is credited with having made to the effect
that he intended to place the street
cleaning department on an honest basis
and to operate it in, a businesslike manner.
Mr. Twohey declared that such a reference
to the department was a direct
insult to him, inasmuch as it inferred that
i he had not conducted the department honestly
or la a business-like manner, and
, in his letter he said he would like to
, have Mr. Wood tell the Commissioners
, just what he meant, if he was reported
Although Mr. Twohey asked for this re'
port more than ten days ago, he has never
received it. Commissioner West said
today that Mr. Wood was asked to ex|
plain, and that he reported to him in a
satisfactory manner. "Mr. Wood denied
that he said the things the newspapers
quoted him as saying," Mr. West said.
When Mr. Wood was asked about the
matter he seemed little concerned, and
I replied that he had not made a report,
, but that he would do so in a few days.
. He did not recall just what Mr. Twohey
. said in the letter and could not find it
. when it was asked for.
He seemed somewhat surprised when
, he was told that Commissioner West
said he (Woodi had made a report and
that the explanation was in the form of
' a denial. He admitted, however, that he
had been misquoted and in his written
report he will offer that explanation.
BURGLAR CAUGHT IN THE ACT.
Beaumont Police Nab Man Drilling
Way Into Bank Building.
BEAUMONT, Tex.. November 30.?After
watching for some hours a would-be burglar
boring his way through a twentyinch
concrete flooring into the vault of
the First Natjonal Bank of this city, the
police surprised and arrested William
Bretschneider, proprietor of a "penny arcade,"
in the midst of his drilling. Bretschneider
attempted to escape, but was
captured after receiving a bullet in his
Efforts to gain entrance to the vault had
been in progress for several days, and
that thev were without success was due
to the cashier of the bank. J. C. Pondren,
accidentally discovering: the hole,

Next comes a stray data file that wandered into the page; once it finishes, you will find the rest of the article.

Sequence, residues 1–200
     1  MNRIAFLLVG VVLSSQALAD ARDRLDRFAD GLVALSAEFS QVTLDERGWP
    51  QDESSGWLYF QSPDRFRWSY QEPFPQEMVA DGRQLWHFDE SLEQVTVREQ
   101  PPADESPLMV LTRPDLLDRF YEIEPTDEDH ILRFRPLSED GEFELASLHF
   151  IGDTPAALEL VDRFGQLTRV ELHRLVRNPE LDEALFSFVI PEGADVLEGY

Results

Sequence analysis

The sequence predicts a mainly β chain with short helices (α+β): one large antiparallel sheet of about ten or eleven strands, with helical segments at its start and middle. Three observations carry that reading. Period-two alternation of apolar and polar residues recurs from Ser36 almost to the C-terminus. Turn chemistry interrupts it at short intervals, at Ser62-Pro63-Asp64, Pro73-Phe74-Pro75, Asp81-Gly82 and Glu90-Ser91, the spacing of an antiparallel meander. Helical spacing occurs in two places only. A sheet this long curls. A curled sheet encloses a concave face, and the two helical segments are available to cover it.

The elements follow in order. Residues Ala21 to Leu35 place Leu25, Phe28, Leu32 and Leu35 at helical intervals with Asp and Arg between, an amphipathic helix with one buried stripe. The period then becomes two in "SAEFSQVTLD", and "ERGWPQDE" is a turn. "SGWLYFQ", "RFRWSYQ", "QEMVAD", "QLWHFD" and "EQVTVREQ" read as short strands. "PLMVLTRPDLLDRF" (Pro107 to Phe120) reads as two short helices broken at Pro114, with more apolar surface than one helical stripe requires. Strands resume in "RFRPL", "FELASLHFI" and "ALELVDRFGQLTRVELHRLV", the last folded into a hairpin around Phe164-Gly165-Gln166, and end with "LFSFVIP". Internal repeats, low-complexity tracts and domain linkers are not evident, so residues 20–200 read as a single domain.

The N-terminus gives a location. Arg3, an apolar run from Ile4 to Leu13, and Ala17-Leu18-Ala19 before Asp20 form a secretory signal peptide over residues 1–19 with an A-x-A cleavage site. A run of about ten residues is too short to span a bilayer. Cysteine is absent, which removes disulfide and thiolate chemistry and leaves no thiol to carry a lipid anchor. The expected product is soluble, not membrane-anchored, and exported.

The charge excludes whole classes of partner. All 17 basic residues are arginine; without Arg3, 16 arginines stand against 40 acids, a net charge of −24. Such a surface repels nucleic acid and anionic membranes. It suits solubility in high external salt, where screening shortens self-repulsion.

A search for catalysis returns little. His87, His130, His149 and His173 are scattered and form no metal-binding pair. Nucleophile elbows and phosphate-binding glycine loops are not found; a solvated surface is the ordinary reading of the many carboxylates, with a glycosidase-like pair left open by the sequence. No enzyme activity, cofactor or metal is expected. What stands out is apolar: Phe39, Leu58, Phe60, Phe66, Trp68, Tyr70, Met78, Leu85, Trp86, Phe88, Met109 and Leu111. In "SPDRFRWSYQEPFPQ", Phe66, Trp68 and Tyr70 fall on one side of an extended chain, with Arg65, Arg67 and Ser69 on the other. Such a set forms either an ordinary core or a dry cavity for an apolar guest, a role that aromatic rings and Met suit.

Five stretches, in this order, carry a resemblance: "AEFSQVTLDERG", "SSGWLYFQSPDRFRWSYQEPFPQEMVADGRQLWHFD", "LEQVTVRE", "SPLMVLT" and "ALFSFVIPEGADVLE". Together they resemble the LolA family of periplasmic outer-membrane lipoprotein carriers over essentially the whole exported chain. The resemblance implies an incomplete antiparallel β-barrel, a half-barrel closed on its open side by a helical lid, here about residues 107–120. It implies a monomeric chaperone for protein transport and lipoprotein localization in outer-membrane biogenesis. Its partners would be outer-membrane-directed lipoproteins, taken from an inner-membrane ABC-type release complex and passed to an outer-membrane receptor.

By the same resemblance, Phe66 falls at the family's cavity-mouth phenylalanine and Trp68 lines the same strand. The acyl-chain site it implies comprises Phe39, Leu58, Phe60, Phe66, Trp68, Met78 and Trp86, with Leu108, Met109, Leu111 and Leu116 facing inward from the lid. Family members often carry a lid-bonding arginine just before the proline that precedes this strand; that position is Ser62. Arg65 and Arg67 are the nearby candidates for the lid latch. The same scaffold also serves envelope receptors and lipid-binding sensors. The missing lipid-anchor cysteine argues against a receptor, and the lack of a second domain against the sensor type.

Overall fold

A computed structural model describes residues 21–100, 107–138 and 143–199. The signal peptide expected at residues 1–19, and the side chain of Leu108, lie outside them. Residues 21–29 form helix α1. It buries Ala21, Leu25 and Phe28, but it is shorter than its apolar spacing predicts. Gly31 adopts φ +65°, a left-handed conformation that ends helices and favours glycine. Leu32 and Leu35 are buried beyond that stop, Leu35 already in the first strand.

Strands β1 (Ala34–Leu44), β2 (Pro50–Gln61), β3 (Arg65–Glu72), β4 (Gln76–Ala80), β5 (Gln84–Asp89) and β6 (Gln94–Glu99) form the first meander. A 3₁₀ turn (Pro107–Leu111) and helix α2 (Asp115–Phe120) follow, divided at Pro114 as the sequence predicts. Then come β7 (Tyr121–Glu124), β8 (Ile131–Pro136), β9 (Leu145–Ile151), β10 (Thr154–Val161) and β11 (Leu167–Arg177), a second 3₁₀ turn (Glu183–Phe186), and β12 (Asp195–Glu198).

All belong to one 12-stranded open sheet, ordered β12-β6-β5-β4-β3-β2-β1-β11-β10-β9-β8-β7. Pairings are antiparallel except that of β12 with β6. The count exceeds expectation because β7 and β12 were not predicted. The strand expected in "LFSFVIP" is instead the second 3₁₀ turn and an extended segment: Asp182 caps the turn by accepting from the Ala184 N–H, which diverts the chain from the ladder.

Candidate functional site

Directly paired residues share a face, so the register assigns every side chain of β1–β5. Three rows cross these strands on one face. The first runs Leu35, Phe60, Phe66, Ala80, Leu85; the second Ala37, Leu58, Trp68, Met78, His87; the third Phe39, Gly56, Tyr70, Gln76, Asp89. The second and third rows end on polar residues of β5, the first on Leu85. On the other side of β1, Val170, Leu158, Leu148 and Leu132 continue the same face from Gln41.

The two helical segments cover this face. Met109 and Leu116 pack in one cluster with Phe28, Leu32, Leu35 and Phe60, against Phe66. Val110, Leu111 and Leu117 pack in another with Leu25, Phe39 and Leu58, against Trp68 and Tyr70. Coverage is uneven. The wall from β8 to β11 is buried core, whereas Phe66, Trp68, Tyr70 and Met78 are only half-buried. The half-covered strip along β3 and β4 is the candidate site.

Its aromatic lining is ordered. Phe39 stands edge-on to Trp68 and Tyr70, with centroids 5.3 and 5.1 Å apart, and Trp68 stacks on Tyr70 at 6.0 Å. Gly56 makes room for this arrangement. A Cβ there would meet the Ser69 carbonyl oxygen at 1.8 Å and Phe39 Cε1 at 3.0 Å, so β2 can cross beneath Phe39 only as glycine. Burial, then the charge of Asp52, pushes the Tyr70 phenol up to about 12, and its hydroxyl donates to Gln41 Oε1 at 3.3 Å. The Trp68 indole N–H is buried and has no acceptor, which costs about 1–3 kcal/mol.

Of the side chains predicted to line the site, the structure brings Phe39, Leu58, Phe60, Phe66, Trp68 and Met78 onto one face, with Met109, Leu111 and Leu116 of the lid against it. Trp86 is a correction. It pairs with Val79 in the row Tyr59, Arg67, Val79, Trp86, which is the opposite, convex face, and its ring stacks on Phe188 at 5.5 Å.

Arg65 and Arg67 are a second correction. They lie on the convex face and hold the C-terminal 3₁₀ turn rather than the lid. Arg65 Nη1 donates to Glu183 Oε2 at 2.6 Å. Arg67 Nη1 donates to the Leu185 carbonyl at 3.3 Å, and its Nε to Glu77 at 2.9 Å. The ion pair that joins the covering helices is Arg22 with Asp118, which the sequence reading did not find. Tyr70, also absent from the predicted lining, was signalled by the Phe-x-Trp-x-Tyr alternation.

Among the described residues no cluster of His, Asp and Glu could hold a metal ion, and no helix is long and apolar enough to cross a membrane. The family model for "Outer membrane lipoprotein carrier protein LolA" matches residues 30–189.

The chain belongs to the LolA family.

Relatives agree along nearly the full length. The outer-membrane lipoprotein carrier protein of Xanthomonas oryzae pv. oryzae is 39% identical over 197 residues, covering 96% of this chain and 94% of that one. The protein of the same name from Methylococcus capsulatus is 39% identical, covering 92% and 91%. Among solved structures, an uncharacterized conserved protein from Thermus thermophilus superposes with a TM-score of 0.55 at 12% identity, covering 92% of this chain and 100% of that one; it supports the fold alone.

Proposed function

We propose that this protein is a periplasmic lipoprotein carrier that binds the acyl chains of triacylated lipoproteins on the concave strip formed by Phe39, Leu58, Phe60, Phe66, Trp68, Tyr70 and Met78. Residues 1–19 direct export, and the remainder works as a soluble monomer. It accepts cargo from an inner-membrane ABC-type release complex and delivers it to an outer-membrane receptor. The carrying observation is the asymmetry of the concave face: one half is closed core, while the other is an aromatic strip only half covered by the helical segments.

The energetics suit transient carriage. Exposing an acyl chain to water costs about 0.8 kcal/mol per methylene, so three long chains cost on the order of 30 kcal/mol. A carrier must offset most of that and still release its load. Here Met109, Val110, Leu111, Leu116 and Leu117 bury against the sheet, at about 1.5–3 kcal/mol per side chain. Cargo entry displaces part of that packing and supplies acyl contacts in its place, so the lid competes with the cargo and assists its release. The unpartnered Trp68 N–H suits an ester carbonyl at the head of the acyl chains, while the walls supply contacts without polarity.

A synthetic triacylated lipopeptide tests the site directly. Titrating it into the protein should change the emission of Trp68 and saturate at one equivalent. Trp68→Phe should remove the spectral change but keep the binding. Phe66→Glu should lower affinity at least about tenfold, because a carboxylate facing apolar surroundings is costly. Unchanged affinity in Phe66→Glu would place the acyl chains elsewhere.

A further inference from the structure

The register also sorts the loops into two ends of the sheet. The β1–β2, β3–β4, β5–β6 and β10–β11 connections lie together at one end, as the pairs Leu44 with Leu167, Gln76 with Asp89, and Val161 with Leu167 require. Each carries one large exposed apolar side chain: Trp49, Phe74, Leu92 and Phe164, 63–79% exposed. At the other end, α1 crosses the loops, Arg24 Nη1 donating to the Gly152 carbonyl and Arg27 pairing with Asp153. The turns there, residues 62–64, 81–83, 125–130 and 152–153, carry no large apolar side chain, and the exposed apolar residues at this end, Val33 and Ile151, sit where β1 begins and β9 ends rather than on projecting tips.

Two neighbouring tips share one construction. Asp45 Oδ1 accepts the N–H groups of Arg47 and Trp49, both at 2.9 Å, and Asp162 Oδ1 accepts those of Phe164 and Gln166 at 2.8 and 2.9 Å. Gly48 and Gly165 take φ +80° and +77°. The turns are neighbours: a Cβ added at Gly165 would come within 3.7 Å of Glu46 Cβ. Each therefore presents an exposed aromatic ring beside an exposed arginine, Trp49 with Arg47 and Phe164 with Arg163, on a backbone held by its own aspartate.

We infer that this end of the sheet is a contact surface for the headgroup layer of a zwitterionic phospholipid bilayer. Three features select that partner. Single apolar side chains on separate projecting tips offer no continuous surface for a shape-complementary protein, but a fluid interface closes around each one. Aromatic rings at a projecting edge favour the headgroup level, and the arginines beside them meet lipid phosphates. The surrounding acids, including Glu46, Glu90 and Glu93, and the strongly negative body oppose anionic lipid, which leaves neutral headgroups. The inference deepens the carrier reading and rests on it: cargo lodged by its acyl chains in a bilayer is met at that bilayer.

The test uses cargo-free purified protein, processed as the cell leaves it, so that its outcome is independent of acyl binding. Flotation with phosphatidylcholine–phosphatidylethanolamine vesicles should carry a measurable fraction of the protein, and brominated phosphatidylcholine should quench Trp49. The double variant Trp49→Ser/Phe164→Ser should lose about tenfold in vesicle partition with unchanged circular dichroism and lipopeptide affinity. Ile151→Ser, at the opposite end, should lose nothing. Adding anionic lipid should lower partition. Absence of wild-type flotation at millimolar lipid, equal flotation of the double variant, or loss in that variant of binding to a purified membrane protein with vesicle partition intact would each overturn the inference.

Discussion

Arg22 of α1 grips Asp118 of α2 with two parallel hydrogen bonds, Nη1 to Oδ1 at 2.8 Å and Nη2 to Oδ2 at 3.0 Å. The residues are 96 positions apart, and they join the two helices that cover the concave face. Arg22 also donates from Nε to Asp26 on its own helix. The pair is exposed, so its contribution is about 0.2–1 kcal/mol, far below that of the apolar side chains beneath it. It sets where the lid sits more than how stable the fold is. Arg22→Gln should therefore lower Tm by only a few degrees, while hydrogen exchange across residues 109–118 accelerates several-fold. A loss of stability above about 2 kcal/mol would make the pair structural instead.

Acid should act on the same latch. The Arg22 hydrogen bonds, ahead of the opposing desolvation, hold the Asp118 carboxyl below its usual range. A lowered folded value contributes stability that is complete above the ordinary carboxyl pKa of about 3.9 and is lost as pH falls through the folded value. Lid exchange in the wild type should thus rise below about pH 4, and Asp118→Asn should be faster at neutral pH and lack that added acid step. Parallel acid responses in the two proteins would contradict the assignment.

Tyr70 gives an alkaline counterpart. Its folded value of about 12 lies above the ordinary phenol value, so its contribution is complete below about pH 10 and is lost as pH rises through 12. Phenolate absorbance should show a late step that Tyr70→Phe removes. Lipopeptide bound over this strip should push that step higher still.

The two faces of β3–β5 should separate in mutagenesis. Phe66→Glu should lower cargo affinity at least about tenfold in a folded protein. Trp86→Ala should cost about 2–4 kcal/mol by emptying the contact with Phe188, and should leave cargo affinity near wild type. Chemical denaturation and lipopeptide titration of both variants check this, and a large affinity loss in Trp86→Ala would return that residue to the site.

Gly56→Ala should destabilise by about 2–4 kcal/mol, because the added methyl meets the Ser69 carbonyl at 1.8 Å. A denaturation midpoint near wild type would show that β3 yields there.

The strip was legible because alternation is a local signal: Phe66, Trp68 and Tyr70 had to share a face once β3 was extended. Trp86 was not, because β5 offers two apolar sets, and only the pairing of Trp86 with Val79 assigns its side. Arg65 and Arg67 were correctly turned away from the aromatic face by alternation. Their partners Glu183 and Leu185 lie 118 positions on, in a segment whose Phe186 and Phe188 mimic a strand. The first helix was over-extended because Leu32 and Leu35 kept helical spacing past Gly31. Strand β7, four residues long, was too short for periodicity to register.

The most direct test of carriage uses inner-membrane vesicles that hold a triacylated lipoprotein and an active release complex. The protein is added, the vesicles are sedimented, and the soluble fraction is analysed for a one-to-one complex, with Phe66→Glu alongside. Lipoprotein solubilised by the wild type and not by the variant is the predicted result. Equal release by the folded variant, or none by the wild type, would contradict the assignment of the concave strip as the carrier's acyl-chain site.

where it had been started in the flooring
of a vacant room directly above the vault.
The police were told and officers who secreted
themselves witnessed the efforts
of Bretsehneider through the greater part
of Saturday night before he was taken
into custody shortly before daylight.
How Johnny Managed It.
From the Chicago Record-Herald.
"You and that little Wattles boy seem
to play very nicely together." said
i Johnny's mother. "I am glad there is
one boy in the neighborhood that you can
get along with."
"Yes," replied Johnny, "I lick him
every morning and then he's nice to me
Sold, | m
at Omce. |11
ar Chevy I*
The surroundings ||
eights you purchase c ?!
thin 12 months. g.? ;
nd $250. p
:D BEFORE. I2
in * Z m
r* t tl
ashimgtora, D. C. |
"New York Avenue" May Buy f;;
Stewart Castle Site. "
LOT FACES DUPONT CIRCLE *
Special Committee on Selection Will oc
Decide Soon. m
VIEWS OF THE CONGREGATION
Some Members Favor Building Near w
12th Street and Massachusetts h;
Avenue?Others in K Street. w
The New York Avenue Presbyterian, m
Church. according to a statement today al
by one of its members, may build a modern
church structure on the large lot jj
facing Dupont circle, on which formerly hi
stood the residence of former United h!
States Senator Stewart of Nevada.
A special committee of the church has s)
been looking for a suitable site, but noth- -j